Over the next 4 years, Andrew battled with numerous complications in relation to his donation. Among other illnesses, he contracted diabetes from the transplant, lymphatic cancer (which was cured with a bone marrow transplant), and his other organs were endangered due to complications from the rejection medications. Although the reasons were different, he continued to spend exorbitant amounts of time in the hospital.

In 2014, Andrew moved to Texas with his girlfriend and continued treatment there. On October 31, 2015, Andrew passed away in his home. At the time of the his passing, he was looking at a second heart transplant, kidney transplant, and liver transplant. The rejection medications had not only hurt his donated heart, but also his other organs. At the age of 19, he was taking 22-35 pills daily, giving himself 20+ insulin injections per day, and struggling with numerous other medical problems. Out of his 19 years of life, between surgeries and stays, Andrew spent approximately 9 years of his life in a hospital.

andrewDespite his struggles, Andrew was an incredibly positive person and was always trying to make others smile. However, Melissa recounted with tears in her eyes, in his moments of reflection, he would often ask his mother, “Why?”.  This was her biggest struggle, and her only response to him was, “I didn’t know. No one told me.” When I asked Melissa if she would do it all over again, she hesitated but ultimately said yes. Andrew had to deal with a whole new plethora of medical problems because of the organ donation, but he also got to experience four more years of life. She was able to take him on vacations, to his first Cubs game, and make so many more memories with him. Most of all, though, she got to hug him, kiss him, and watch him grow for four more years. “Was it worth it? Absolutely!”

Since Andrew’s passing, Melissa has become very active with many organizations for organ donation, both locally and nationally. In addition to her wish to donate her organs after death, she is also a registered living donor! She preaches not only the importance and necessity of organ donation, but also shares the aftermath of transplant. She feels that, even though she would do it all over again, she was not fully informed of the possibility of complications. Often times, the quality of life for a donation recipient does improve, but not always.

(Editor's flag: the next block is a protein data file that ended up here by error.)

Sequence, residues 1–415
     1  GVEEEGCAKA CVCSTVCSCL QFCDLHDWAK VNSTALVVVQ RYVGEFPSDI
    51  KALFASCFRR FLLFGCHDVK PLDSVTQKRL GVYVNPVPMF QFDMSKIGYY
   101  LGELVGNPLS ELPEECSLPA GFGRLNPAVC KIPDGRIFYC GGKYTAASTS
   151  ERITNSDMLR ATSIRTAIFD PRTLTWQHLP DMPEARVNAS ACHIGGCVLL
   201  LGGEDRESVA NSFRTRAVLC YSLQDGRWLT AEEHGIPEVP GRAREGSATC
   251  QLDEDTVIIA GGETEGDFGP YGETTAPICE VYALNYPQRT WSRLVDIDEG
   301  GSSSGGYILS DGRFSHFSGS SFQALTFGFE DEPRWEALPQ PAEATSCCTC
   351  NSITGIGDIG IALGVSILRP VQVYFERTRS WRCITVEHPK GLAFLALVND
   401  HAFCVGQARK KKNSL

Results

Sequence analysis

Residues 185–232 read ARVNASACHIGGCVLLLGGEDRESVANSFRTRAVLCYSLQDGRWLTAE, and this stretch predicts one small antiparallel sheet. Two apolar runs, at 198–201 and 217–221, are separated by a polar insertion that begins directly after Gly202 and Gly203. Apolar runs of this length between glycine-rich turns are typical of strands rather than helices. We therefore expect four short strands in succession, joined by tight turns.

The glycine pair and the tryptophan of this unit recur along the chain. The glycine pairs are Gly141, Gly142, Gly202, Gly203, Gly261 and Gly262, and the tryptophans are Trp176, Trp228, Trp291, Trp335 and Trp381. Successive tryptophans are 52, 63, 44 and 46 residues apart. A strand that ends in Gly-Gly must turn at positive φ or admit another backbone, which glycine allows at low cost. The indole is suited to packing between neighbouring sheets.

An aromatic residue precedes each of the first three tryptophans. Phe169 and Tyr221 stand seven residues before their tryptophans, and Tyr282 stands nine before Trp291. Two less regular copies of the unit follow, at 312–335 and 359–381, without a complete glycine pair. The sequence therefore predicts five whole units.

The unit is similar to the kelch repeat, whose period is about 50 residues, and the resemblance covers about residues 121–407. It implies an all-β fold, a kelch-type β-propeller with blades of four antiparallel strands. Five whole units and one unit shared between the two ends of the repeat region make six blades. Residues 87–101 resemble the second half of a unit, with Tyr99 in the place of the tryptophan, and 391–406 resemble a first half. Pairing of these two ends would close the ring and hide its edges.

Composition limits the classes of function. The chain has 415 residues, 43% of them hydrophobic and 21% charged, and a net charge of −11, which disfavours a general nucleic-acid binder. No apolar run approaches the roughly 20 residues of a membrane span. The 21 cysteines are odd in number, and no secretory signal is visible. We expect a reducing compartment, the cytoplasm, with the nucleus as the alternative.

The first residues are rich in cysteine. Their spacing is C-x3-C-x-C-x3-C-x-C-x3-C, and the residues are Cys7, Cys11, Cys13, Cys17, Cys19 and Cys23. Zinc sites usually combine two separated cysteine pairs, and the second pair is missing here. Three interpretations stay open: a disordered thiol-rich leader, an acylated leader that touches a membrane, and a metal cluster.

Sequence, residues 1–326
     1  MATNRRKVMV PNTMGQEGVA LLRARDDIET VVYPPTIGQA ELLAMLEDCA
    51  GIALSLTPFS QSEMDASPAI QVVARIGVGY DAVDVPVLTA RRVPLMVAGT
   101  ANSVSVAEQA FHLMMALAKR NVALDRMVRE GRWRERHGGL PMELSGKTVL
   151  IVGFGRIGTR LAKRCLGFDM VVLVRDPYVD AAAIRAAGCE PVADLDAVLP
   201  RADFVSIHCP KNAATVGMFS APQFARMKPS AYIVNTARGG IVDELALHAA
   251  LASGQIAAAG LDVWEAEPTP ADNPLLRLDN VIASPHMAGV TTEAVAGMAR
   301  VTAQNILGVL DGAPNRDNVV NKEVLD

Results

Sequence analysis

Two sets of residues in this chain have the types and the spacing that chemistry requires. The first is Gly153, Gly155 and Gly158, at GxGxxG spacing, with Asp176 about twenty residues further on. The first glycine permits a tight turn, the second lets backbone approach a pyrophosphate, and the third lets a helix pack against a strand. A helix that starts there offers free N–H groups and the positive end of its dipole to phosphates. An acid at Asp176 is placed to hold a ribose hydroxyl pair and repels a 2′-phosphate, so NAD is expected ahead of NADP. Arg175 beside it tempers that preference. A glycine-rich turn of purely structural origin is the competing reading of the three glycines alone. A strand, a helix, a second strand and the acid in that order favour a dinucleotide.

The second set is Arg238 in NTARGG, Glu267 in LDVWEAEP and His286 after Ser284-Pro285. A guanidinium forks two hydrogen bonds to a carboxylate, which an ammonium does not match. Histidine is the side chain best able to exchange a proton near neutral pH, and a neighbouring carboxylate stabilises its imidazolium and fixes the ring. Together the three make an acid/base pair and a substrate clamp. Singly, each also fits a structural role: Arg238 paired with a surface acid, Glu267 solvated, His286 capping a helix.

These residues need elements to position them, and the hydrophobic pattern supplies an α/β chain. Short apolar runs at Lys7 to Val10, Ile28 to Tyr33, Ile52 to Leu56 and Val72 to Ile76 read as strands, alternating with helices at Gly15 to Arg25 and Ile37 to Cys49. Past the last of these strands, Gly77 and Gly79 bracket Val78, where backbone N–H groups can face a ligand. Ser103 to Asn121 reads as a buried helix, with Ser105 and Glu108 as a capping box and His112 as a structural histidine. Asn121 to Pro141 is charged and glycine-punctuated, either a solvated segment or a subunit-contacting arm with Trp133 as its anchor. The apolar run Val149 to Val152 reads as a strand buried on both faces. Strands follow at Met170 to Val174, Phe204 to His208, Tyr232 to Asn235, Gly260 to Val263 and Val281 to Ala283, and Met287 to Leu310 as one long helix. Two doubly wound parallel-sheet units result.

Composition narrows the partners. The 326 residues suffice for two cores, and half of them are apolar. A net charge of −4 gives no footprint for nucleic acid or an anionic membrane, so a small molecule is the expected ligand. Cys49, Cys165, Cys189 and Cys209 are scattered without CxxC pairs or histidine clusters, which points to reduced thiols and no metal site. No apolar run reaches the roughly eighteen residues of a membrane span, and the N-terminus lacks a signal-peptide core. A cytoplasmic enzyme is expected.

ANdrew-9.pngIt has been two and a half years since Andrew’s passing. Despite losing many friends and dealing with the hurtful words of others, she was able to turn to her husband for support. She says he has been her “rock” through everything. She often visits Andrew’s “quiet spot” to reflect, share things with him, or celebrate events. Melissa said therapy and support groups have also helped her keep her head up. Her granddaughter, Jaidyn, was only a year old when Andrew passed, but Melissa says it’s almost uncanny how similar the two of them are. So much so that it was sometimes difficult to be around her granddaughter when Andrew first passed. She and Jaidyn are very close now. Melissa shares stories of “Uncle Andrew”, and they often visit Andrew’s “quiet spot” together.

Melissa’s motto is “One day at a time, one smile at a time.” This is the mantra she lives by and it is evident in all she does. Although I saw her in vulnerable moments as she shared her trials, her sheer strength and passion for her cause was a shining beacon. You never truly recover from the loss of a child, but rather than allowing her grief to consume her, Melissa uses it to give herself purpose.

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Melissa encourages everyone to become an organ donor.  She will be telling her story and sharing how you can become an organ donor at the IMH Monthly Community Education program at 5pm on April 24th in the IMH Community Education Center.